It is London, June 13th, 1923, and Clarissa Dalloway, in her late middle age and recovering from some kind of heart ailment, is about to hold a party. As she prepares for her party, Clarissa remembers--in flashbacks--the time when she chose to marry the wealthy politician Richard Dalloway over her more adventurous relationships with Peter Walsh and her possibly-lesbian friend Sally Seton.

Clarissa does not seem unhappy, just intensely aware that in choosing one kind of life for herself she has had to relinquish the chance of others. It seems that she has planned the party as a way to affirm the choice she did make, but it turns out to do more, to suggest that the other possibilities were not lost after all.

Another character's experience of June 13th, 1923 is also told: Septimus Smith, suffering from what we'd now call post-traumatic stress syndrome as a result of his experience in the trenches of World War I, is about to be hospitalized by his physician, Sir William Bradshaw, a specialist in "shellshock." To avoid this, he commits suicide by jumping from a window. The two plots come together when Sir William, a guest at Mrs. Dalloway's party, describes Septimus's death.

For Clarissa, his story disrupts the careful balance of her perfect evening. She goes up to her own window and for a moment, it seems, contemplates suicide too. But she returns downstairs to dance with her husband. Sally cuts in, leaving Clarissa free to talk, at last, with Peter. The unspoken threat of Clarissa's illness, as well as our knowledge of Virginia Woolf's own suicide, remind us of her fragility, yet the film leave us with the exhilarating sense of encountering a woman who is complete.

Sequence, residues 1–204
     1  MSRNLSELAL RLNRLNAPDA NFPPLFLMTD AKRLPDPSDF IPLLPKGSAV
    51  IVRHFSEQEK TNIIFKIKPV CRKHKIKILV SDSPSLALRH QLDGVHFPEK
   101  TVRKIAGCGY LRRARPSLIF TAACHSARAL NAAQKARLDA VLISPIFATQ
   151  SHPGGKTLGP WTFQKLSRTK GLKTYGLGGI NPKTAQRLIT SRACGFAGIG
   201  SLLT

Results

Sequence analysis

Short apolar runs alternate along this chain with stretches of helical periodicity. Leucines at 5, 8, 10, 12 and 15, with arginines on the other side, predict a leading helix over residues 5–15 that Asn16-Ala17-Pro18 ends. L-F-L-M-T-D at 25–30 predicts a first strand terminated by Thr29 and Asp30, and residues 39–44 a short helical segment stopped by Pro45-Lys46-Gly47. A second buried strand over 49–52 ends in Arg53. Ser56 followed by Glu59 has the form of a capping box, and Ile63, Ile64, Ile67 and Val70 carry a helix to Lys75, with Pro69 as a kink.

The subplot about Septimus Smith is the most obviously medical aspect of the film: Smith dies not because of his psychological illness, but because of the uncomprehending response of his doctors. His suicide is portrayed both as an appalling failure of society and as a courageous and necessary act. Juxtaposed with Mrs. Dalloway's apparently far less eventful day, Septimus's story makes it appear that the young Clarissa's decision to marry Dalloway determined the course of her life almost as surely as jumping out of window would--until the end, when we see that in fact she has carried with her all the alternatives she seemed to have rejected.

The film, which is a remarkably faithful translation of Woolf's novel, offers a subtle exploration of memory, regret, and hope in the life narrative of a woman whose life may be almost over (not just because of her illness but because, one character implies, there is not much left for her, the menopausal mother of an adult daughter--certainly less than there is for a man her age).


Screenplay by Eileen Atkins, based on the novel by Virginia Woolf.

Primary Source

BMG Video